Jones County, Ga. schools Superintendent William Mathews on Friday stood by his decision not to mention an Iraq link in his letter last week alerting parents of heightened campus security.
"Some people wanted it to be more factual, but the facts were uncertain and under inquiry," Mathews said. "I still don't think that in our initial correspondence to parents that was something we needed to divulge, because it was preliminary."
Several parents after hearing media reports Friday criticized school officials for not including more information in the two-paragraph memo.
Kresha Tisdale, whose child attends Gray Elementary School, said parents should have been told of the Iraq link.
"A meeting should have been called to make parents aware of what's going on," Tisdale said. "I'm very alarmed at the way this is being handled."
"We should be aware of what's going on so that we can make decisions for our children," she said. "To hear this driving to work this morning, after I've dropped her off at school. ... I'm pretty upset."
Parent Frank Robinson, whose child is in pre-kindergarten, said he felt he had a right to know more. "If we're going to leave our children with them, we need to know all the circumstances in which we're leaving them."
School officials confirmed late Thursday they increased security at Jones schools after receiving word in September that a disk found in Iraq contained information, such as floor layouts and class times, for schools in at least six states.
Mathews alerted parents and staff in the 5,200-student system of increased security in a Sept. 30 memo.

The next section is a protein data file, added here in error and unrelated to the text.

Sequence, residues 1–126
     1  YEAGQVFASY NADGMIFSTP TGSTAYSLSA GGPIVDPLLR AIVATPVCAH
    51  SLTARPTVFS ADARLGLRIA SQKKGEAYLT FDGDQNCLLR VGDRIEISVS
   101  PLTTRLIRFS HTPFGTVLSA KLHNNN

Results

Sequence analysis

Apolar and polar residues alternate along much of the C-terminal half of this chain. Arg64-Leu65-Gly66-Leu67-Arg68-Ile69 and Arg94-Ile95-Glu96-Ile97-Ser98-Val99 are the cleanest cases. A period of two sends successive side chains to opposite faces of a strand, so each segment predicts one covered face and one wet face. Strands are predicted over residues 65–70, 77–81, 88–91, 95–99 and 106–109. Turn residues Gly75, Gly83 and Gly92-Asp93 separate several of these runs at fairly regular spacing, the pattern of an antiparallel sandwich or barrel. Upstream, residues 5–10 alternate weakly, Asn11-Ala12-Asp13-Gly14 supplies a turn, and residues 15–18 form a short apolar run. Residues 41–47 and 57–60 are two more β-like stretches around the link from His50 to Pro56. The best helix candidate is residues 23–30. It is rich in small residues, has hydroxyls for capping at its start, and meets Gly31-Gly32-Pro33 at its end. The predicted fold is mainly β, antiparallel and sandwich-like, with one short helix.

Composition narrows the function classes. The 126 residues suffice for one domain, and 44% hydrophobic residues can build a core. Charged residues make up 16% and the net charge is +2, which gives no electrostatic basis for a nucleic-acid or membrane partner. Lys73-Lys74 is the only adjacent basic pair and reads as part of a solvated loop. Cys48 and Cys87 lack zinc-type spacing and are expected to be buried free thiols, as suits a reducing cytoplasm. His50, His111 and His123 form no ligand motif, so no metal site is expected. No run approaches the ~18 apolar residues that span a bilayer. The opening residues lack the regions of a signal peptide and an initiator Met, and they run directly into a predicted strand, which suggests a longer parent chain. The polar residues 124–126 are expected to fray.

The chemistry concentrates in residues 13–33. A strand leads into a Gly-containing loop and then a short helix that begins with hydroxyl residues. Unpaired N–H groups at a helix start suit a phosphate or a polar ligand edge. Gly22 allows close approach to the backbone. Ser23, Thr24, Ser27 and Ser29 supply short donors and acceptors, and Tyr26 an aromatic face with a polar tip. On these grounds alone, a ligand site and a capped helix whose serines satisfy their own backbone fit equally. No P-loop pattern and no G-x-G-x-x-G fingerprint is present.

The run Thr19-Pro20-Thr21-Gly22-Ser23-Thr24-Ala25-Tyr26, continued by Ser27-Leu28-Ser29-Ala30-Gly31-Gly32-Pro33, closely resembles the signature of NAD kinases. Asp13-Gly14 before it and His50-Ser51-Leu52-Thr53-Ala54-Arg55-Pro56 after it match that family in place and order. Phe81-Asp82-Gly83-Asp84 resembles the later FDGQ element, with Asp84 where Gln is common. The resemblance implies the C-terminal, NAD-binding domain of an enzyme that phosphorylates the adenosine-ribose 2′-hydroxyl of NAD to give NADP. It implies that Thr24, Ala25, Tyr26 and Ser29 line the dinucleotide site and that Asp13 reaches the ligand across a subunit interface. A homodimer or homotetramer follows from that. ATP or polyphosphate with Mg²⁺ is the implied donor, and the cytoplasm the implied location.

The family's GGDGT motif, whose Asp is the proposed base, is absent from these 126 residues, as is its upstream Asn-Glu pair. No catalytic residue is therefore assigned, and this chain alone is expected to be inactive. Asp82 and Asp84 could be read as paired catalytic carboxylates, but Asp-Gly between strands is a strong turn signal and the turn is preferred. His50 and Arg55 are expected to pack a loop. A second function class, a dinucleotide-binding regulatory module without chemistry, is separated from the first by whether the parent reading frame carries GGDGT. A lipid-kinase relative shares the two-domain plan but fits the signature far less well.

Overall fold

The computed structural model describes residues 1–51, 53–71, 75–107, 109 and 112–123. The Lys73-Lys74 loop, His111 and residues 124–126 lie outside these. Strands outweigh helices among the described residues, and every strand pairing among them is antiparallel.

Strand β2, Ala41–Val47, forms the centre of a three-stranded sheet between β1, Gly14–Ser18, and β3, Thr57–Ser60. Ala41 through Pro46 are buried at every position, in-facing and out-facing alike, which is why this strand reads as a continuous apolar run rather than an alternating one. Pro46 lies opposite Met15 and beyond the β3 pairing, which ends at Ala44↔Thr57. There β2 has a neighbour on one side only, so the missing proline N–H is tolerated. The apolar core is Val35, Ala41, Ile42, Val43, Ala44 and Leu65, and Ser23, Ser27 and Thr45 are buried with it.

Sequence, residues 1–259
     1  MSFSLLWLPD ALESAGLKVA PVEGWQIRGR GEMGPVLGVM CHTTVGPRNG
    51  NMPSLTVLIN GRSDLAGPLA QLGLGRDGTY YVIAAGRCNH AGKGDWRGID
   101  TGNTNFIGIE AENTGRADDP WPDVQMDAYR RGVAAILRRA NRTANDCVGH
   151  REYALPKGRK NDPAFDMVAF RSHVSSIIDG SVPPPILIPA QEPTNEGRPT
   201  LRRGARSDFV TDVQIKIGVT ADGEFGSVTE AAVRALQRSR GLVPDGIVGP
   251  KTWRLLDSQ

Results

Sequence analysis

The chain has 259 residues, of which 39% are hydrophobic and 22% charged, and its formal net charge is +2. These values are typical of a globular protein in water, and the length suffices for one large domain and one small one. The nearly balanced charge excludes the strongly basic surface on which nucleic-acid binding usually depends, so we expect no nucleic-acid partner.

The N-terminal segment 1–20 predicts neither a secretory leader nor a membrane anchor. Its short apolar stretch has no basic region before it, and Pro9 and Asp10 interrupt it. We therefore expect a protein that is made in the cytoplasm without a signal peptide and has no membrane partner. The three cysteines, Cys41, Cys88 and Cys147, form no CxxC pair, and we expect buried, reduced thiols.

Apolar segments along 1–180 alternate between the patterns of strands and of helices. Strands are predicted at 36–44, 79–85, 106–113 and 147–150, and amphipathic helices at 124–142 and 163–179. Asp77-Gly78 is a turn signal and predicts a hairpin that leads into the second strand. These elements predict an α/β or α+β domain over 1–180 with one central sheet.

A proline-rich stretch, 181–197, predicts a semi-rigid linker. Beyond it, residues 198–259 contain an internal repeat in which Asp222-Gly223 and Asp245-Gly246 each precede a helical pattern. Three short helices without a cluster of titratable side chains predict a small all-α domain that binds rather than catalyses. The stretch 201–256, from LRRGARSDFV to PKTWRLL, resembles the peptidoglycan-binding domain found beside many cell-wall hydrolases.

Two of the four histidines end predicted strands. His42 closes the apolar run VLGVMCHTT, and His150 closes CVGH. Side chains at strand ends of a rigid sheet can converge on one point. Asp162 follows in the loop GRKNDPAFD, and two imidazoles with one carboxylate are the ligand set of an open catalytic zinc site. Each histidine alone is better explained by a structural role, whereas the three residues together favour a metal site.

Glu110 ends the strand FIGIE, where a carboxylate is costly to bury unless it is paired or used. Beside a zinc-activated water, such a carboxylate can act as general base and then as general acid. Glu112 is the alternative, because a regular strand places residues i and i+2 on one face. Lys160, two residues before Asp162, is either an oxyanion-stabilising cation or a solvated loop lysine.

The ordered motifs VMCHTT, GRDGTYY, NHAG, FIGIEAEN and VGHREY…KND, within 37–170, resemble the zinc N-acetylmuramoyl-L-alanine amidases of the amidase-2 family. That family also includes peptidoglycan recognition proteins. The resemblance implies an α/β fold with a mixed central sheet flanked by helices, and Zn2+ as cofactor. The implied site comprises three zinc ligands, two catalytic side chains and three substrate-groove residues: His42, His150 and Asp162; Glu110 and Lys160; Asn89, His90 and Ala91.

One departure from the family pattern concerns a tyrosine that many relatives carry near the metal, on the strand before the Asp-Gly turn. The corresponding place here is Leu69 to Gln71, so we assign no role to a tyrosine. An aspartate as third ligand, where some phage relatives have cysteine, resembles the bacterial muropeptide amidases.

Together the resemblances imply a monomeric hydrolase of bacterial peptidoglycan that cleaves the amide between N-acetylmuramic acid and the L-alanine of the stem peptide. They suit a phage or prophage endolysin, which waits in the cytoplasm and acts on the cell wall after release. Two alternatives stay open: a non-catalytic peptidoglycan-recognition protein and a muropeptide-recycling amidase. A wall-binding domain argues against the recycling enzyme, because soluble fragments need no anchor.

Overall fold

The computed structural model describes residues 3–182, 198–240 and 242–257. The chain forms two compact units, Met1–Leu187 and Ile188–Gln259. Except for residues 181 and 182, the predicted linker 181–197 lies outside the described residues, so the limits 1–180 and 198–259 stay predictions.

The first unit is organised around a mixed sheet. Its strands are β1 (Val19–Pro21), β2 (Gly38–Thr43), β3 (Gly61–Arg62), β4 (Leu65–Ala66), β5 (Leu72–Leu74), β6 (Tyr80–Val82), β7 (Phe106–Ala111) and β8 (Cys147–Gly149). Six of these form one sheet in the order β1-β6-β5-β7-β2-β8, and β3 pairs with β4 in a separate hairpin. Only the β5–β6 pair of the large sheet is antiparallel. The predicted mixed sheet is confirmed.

"We didn't want to alarm people unnecessarily but also, it was in the process of ongoing inquiry," Mathews said. "We didn't know how much we should divulge."
Mathews said the system continued to post additional additional sheriff's and police officers at schools, though he was uncertain how many. He estimated that more students were absent Friday, though he did not have attendance numbers.
Some parents said Friday they originally paid the memo little attention.
"I just thought 9/11, election year - they're just going to put some more cops out there," said Amanda Bradford, whose child attends Gray Elementary.
Jones County schools has submitted an emergency plan to Georgia Emergency Management Agency, but it has not yet been approved, said Pete Golden, a GEMA area school safety coordinator who oversees 22 counties in mid- to west Georgia.
The General Assembly in 1999 began requiring school systems to develop GEMA-approved plans, though schools are not required to specify how they notify parents in case of emergencies, Golden said.